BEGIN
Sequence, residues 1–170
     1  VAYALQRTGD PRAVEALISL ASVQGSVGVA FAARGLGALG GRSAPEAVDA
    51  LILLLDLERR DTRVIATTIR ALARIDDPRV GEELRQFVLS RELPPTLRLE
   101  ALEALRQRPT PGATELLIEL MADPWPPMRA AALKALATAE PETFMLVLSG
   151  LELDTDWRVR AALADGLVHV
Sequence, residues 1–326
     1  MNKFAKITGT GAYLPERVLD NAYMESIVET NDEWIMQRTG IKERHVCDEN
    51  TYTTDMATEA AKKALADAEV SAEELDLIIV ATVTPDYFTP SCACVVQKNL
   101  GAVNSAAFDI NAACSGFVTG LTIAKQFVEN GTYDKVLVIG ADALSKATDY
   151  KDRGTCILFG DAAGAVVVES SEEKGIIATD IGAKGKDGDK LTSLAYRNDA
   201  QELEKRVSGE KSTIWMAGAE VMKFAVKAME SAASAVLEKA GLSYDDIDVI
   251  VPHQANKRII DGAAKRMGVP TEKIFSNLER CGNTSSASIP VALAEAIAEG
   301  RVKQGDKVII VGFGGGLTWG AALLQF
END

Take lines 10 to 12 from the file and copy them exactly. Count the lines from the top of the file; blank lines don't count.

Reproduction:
   151  KDRGTCILFG DAAGAVVVES SEEKGIIATD IGAKGKDGDK LTSLAYRNDA
   201  QELEKRVSGE KSTIWMAGAE VMKFAVKAME SAASAVLEKA GLSYDDIDVI
   251  VPHQANKRII DGAAKRMGVP TEKIFSNLER CGNTSSASIP VALAEAIAEG